Throughout his career, Dylan has followed his own muse, often in wildly unexpected directions, and it has rarely steered him wrong. His missteps have been astonishingly few, and the variation in his music is seldom attempted, let alone accomplished. To say Dylan marches to the beat of his own drum is an understatement. One thing that actually shocked me about this concert was how excited the audience was about Dylan performing those old cover songs. There were some people who walked out, as people do at every Dylan show (some people expect a jukebox instead of a changing, growing artist), but only a small percentage of the audience fled. The place was packed to near capacity, which means there were close to 7,000 people enthusiastically applauding when Dylan would finish stuff like "Why Try to Change Me Now" or "Melancholy Mood". Weird. But I felt the same way they did.

On paper, this setlist is easily my least favorite of any Dylan show I've been to or heard a recording of. Nevertheless, this was an outstanding show. The arrangements were strong, Dylan's singing was strong (yes, he still sounds like what you'd expect Bob Dylan at 75 to sound like), the band was strong. Dylan and his band have taken this set-in-stone setlist and fashioned a sparkling jewel of performance, alternating between tight and relaxed, bluesy and upbeat, lilting and funky-grooved. Knowing the setlist situation, I'd been prepared for this concert to be an enjoyable evening but probably the weakest Dylan show I've attended, but it ended up being one of the best.

Crafty and artful, Dylan at 75 is still full of surprises. I hope we get to hang onto him for many years yet — I can't wait to hear what he does next.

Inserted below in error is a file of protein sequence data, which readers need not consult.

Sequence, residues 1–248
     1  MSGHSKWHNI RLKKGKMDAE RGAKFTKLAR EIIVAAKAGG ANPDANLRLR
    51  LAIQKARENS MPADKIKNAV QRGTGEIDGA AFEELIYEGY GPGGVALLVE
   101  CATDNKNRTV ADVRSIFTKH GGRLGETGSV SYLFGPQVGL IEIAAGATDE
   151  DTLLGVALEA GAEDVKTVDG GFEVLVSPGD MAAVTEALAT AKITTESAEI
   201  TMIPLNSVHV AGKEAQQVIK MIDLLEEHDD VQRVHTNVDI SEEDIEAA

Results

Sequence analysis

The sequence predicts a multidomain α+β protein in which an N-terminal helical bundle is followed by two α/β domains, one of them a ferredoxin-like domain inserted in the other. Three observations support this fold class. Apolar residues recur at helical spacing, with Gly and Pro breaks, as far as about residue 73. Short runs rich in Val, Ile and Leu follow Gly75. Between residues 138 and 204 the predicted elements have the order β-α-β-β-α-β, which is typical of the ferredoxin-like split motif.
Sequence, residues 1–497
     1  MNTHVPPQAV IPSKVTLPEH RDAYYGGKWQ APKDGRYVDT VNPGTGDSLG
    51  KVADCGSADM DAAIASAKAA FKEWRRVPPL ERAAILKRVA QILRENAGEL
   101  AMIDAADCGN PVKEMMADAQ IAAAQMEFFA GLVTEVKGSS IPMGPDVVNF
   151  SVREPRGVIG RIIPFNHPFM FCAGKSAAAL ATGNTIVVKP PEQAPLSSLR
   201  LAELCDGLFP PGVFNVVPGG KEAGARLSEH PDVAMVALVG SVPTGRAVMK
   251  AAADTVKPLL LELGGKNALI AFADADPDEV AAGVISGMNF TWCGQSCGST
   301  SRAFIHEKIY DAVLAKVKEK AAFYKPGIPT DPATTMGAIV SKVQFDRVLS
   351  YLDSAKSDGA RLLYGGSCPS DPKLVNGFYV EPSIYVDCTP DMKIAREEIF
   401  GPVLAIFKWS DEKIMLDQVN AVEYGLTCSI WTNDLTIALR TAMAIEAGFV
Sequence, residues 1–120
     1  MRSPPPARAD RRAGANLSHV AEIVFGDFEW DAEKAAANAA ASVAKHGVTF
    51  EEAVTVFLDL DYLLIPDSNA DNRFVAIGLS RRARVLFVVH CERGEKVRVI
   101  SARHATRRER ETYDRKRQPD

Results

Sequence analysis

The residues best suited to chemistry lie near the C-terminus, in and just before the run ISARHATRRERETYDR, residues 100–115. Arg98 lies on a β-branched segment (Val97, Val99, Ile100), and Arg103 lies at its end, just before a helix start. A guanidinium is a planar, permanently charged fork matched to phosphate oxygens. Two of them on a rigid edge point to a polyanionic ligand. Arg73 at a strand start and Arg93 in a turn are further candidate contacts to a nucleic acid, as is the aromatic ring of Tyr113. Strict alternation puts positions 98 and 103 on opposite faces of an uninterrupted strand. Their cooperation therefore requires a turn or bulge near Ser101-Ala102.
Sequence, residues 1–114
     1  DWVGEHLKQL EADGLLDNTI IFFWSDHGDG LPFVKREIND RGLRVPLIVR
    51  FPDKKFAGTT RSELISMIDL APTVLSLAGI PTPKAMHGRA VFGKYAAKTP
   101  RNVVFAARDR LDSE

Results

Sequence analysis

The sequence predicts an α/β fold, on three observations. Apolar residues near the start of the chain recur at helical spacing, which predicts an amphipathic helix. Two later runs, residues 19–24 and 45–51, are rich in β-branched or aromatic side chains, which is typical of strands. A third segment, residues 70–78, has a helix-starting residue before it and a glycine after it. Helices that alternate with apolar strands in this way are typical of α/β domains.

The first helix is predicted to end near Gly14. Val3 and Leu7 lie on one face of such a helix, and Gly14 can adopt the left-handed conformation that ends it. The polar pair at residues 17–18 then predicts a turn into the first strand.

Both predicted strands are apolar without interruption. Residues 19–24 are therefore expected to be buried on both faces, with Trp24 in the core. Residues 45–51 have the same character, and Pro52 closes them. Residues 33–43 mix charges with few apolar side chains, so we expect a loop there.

Mavis Staples' voice Wednesday night was strong, rich, fluid, and only weathered in a way that added character — she could still hit all those notes, and she sang with unflagging passion and conviction. Not only is it a source of delight that she's even still alive and making music, but her last few albums — two produced by Wilco frontman Jeff Tweedy and one by singer-songwriter M. Ward, both of whom have roots in older styles of music — have been enjoyable and beautiful. And her most recent album, Livin' on a High Note, closes out with a song adapted from a sermon by Martin Luther King, Jr. I have one album of The Staple Singers' later period of upbeat and inspiring soul music they recorded at the venerated Stax label (Be Altitude: Respect Yourself, which includes their famous song "I'll Take You There"). Years earlier, they covered Dylan's "Blowin' in the Wind", A Hard Rain's A-Gonna Fall", "Masters of War", and "John Brown" too. But I especially love their early material — gospel music with minimalist instrumentation and a spotlight on the vocals like "Uncloudy Day", "I'm Coming Home", "Love is the Way", etc. I find gospel music all the more comforting in troubled times like these, and the Staples' work feels timeless and lived-in.